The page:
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As any reader of this blog knows, I’m not entirely sold on mobile TV, and I’m especially skeptical of Qualcomm’s MediaFLO network. But earlier this week I chatted with Matt Milne, SVP of marketing and sales for MediaFLO USA, to see if he could change my mind. […]

As any reader of this blog knows, I’m not entirely sold on mobile TV, and I’m especially skeptical of Qualcomm’s MediaFLO network. But earlier this week I chatted with Matt Milne, SVP of marketing and sales for MediaFLO USA, to see if he could change my mind. The good news is that those in San Francisco, Boston, Miami and Houston who want to watch broadcast TV on their mobile phones (and who are on the Verizon or AT&T network) will be able to do so next year. The bad news is they will still have to pay $15 a month for the privilege.

Milne said that once broadcasters are forced to switch over to DTV in February, Qualcomm will have the spectrum to offer MediaFLO service in those four markets and expand its coverage in others. He also acknowledged that the broadcasters represent potential competition for MediaFLO, since they’ve pulled together to create their own over-the-air mobile TV standard designed to deliver free mobile TV to everything from Sony Watchman-type devices to phones.

But Milne isn’t worried, noting that compared to broadcasters’ local content, Qualcomm offers national content, like ESPN. And he thinks individual broadcasters will take their sweet time actually getting anything on the air. There’s also the issue of who owns the content — broadcasters or the creators of the content — which will determine who can broadcast certain shows.

“What has to be determined is what content those local broadcasters have the right to broadcast,” Milne told me. “Clearly they can broadcast the content they create like the news, and our service has to augment whatever is being broadcast by them.”

As usual, Qualcomm didn’t disclose any subscriber numbers, although Milne said folks who do pay for the service tend to watch more than 20 minutes of TV on it per day. He also declined to talk about plans to integrate MediaFLO into vehicles or even laptops using Qualcomm’s Gobi platform. Judging by the tests conducted with Toyota and the need to move TV beyond the tiny cell phone screen and onto new mobile platforms, I’d expect more from MediaFLO in the coming year once it gets all of its spectrum in hand.

  1. Once free digital signal arrives and is serviced like they do in Japan and revenues come from the data channel just below the video signal that is transmitted simultaneously. Mediaflow is over. Qualcomm needs to unload this asap. Its not their core nor in their DNA.

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  2. [...] is flawed ‘must be wrong because it was paid for by the government’ theinquirer.net MediaFLO Coming to San Francisco in 2009 gigaom.com Getting More Out of Coax lightreading.com Broadband becomes ‘must have’ [...]

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  3. So long as carriers must pay to add FLO functionality to handsets and customers are charged for FLO, we will continue to see the adoption rates we have today (Nothing).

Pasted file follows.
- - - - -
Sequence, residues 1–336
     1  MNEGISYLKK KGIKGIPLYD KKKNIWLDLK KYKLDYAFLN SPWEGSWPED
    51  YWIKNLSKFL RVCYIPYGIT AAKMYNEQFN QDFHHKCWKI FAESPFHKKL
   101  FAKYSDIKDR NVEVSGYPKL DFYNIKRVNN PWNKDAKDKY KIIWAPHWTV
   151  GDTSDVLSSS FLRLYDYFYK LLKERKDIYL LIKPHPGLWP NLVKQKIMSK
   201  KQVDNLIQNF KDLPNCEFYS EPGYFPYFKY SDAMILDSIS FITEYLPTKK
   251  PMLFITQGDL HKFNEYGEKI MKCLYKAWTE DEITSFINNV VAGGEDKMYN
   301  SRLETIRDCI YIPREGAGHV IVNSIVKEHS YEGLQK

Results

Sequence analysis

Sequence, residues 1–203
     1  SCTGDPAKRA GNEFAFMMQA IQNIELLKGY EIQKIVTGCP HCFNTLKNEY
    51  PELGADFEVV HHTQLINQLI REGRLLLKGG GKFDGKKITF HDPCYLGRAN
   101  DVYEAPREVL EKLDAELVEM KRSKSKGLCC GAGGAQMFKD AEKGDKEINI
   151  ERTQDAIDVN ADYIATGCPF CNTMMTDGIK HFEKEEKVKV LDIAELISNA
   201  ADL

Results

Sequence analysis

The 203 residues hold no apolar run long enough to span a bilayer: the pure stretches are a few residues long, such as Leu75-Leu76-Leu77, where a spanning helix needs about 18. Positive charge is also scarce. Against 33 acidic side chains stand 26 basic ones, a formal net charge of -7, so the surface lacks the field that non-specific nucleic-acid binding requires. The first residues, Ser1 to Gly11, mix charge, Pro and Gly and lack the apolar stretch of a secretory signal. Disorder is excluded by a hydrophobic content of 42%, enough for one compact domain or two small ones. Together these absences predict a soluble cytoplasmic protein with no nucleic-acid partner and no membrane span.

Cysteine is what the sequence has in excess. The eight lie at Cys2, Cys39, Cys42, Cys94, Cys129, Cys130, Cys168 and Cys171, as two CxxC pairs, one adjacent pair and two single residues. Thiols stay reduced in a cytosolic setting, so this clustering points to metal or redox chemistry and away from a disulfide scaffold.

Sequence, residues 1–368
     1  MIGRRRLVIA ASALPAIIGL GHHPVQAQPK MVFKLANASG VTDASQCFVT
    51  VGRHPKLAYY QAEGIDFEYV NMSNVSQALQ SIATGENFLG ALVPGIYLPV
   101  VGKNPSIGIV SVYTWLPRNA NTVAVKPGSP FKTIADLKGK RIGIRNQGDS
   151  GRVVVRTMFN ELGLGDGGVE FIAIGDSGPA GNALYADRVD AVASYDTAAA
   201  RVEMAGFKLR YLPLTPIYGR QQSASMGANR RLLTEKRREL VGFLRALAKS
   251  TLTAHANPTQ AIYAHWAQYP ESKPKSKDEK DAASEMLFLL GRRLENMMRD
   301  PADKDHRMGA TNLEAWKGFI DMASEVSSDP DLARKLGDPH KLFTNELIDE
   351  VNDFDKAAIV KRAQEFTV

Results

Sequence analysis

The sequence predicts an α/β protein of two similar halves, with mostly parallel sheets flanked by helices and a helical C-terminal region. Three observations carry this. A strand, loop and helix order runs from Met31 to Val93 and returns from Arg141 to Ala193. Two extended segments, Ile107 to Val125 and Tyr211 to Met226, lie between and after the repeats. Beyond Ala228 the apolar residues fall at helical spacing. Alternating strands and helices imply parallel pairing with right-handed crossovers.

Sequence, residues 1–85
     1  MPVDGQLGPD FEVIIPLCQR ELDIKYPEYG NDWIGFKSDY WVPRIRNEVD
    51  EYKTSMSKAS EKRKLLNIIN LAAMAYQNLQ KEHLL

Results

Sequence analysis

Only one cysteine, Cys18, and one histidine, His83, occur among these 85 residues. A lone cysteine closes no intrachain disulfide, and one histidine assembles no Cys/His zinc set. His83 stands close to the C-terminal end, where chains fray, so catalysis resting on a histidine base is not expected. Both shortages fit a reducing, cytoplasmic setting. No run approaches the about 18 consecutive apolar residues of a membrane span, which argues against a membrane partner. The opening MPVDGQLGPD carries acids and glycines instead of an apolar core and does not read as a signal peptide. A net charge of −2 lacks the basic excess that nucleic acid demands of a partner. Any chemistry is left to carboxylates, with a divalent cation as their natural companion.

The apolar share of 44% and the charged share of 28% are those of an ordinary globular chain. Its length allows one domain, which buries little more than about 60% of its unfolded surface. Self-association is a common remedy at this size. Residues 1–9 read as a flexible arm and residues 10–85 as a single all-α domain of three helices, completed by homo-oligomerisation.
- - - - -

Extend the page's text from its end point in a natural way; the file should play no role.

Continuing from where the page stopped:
All one has to do, is look at the number of handsets T and VZ have that are FLO enabled and show will signal their confidence behind this service. Sorry QCOM, while I really like the quality of it, the business model is not going to workout. Further, until mobile TV adoption ramps up to warrant a broadcasting model, unicast will be just fine.

    Sprint’s model is the correct model.It allows cost/scale and given the unicast nature, it allows Sprint to create interesting boomerang partnerships if they wanted to.

    Also, I am amazed by the quality of Sprint’s TV recently. The newer handsets, have good quality with 2 sec channel change time. I was really very surprised.

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  4. [...] a dramatic expansion from the 63 available today. Sure, some of the markets are second-tier, but major ones getting coverage include San Francisco, Boston, Miami and Houston. Of course, coverage for more than 200 million people (up [...]

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  5. [...] occupied by those analog TV signals. Those services range from Verizon’s LTE deployment to Qualcomm’s plans to broadcast mobile digital televison in markets such as San Francisco and [...]

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  6. [...] a dramatic expansion from the 63 available today. Sure, some of the markets are second-tier, but major ones getting coverage include San Francisco, Boston, Miami and Houston. Of course, coverage for more than 200 million people (up [...]

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  7. [...] occupied by those analog TV signals. Those services range from Verizon’s LTE deployment to Qualcomm’s plans to broadcast mobile digital televison in markets such as San Francisco and [...]

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  8. [...] it can do to make its Snapdragon chip more competitive on the graphics side and how its bets on MediaFLO and Gobi play [...]

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